On a sunny afternoon in Los Angeles, California, during the early days of 1967, the Green Bay Packers defeated the Kansas City Chiefs 35-10 in a game that would be known as Super Bowl I. Since that game, 54 other Super Bowl champions have been crowned, bringing pure elation to the fanbases who religiously follow their teams year-round. Since moving from Baltimore to Indianapolis in 1984, the Colts franchise has celebrated one Lombardi Trophy victory during the 2006-2007 season. Before and after that season were many playoff runs marred with disappointment and disparate feelings of underperformance. It has been well over a decade since the city of Indianapolis has been able to taste the sweetness of Super Bowl perfection, far too long, some may argue, with the talent that has graced the Lucas Oil Stadium Turf.
But the Colts may get another crack at the seven-pound sterling silver trophy this year, so long as they beat the Jacksonville Jaguars on Sunday; they’ll be in the dance. And once you’re in the dance, anything can happen.
Why the Colts Will Win the Super Bowl
Super Bowls have been won by teams with a variety of strengths and weaknesses. Some like the 1985 Chicago Bears, 2000 Baltimore Ravens, and 2002 Tampa Bay Buccaneers had historically great defenses and mediocre to slightly above average quarterbacks (Jim McMahon, 15-11 TD-INT ratio in 1985, Trent Dilfer, 55.5% career completion percentage, and Brad Johnson, nicknamed “Checkdown Charlie”). Others like the 1999 St. Louis Rams and the 1995 Dallas Cowboys had legendary offenses. The Colts have neither a historically great defense or an extremely potent offense, but what they do have is a well-balanced team that performs well on both sides of the ball. Every Super Bowl team to ever win the Lombardi has had at least 23 turnovers forced during the regular season. The Colts have that box checked, as they’ve forced 31 through 16 games. Secondly, while Carson Wentz hasn’t been playing at an elite level this season, the Colts are still 7th in the NFL in points per game with 27.5. Over the past four years, every team that went to the big game finished top 5 in offensive points per game. The Colts currently rank 7th but are within 4 points of the Bengals, who are in 5th. These stats may seem obscure and nonsensical, but they hold some weight considering they have stood the test of time.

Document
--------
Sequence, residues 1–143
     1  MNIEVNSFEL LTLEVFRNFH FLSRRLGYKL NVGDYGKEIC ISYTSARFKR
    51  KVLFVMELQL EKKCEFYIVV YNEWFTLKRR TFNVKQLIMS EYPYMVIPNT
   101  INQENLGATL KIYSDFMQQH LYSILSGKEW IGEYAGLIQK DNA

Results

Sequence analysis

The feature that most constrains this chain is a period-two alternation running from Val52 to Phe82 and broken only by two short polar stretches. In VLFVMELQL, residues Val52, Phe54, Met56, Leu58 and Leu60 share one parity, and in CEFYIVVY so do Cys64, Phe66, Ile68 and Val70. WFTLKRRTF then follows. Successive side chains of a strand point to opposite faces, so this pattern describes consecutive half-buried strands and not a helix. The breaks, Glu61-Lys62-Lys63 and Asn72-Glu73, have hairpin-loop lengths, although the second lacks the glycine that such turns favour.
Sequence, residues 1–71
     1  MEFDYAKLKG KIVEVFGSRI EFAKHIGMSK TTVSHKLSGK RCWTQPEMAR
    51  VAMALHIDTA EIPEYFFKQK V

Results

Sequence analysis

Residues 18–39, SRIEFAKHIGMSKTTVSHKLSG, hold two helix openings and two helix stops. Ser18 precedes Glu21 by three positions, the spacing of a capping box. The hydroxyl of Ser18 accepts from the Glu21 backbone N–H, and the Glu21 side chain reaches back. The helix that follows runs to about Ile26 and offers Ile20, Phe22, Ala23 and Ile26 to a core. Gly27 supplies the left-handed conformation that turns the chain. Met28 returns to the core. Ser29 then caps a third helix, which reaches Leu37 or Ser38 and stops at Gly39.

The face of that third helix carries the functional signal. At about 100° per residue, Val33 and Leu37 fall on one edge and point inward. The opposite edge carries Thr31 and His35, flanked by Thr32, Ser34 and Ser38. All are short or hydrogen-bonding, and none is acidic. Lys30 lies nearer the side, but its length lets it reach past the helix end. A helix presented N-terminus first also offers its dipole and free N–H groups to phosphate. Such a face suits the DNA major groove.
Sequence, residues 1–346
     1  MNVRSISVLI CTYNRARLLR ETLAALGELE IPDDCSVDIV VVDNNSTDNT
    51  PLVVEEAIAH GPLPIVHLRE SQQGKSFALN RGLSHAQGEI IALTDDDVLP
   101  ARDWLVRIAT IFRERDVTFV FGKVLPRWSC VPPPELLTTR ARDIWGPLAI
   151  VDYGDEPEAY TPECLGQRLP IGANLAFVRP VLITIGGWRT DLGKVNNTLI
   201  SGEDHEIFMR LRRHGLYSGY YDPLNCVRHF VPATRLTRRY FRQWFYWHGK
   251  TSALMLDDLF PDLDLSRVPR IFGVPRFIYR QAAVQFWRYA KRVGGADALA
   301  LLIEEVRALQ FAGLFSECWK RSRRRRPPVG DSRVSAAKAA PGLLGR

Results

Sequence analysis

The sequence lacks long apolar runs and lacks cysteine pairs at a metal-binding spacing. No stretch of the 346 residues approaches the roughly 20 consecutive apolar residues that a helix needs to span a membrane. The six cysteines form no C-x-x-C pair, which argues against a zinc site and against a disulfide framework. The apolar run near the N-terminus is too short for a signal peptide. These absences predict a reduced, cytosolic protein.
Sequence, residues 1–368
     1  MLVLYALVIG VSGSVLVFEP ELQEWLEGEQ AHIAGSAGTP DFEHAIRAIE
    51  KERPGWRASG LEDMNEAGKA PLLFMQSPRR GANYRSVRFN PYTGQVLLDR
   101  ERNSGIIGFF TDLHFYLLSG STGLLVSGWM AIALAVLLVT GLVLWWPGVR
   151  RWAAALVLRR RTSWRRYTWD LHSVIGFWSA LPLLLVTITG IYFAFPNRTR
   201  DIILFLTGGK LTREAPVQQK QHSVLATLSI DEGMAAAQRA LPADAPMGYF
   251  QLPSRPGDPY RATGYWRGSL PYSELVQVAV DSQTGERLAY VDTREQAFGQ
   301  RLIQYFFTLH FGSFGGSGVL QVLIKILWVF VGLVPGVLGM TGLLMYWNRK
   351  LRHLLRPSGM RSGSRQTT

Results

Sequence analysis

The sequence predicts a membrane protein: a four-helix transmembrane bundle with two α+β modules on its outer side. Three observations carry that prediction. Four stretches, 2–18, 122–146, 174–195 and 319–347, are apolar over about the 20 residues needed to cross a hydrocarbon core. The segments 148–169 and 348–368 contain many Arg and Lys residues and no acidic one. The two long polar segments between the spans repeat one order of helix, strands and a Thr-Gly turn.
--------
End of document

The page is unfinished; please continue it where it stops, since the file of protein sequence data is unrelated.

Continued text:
A recent Super Bowl championship team that fans have been comparing the 2021 Colts to are the 2012 Baltimore Ravens. Headlined by “elite?” Joe Flacco, Ray Rice, a young Torrey Smith, and an older Anquan Boldin on offense. On defense, the Ravens featured an aging Ray Lewis and Ed Reed, plus Ravens great Haloti Ngata and prime Paul Kruger. Flacco’s 2012 regular season stats are eerily similar to that of Wentz’s thus far. Wentz has produced about three ticks higher than 2012 Flacco in the completion percentage department, albeit on 44 fewer attempts. Flacco also threw for almost 500 yards more than Wentz has, but this again can be chalked up to the attempt discrepancy. Wentz has thrown for more touchdowns and fewer interceptions than Flacco did in 2012 (26-6, 22-10) and has been sacked less (25 to 36) while also posting a higher quarterback rating (95.8 to 87.7). Flacco’s yards per attempt averaged out to be 7.2 during the regular season, while Carson Wentz sits at 6.9. What remains to be seen is how Carson Wentz will perform in the playoffs, as that is where Flacco became elite. In the Ravens’ four-game playoff run, Joe Flacco threw 11 touchdowns and 0 interceptions for 1140 yards, or 285 yards per game on 31 attempts per game. Flacco posted a pristine 117.2 passer rating over the four-game stretch and averaged 9 yards per attempt, a truly remarkable number that would put him in the top 25 all-time in YPA if that number held constant and was extrapolated out over a 16 game season.
The 2012 Ravens may have had more of a veteran presence, especially on defense with Ray Lewis and Ed Reed, but the roster that Chris Ballard has built is filled with self-motivated, high-character players that want more than anything to win a Super Bowl ring. The similarities between the 2012 Super Bowl Champion Baltimore Ravens and the current Colts are uncanny, but what will ultimately make or break this Colts’ season is the play of Carson Wentz in the playoffs. Wentz had shown the ability to be elite before, namely during the 2017 season when he was the MVP front runner. But can he, for four games in late January/early February, be an elite quarterback for the Indianapolis Colts? A Lombardi Trophy awaits if the answer is yes.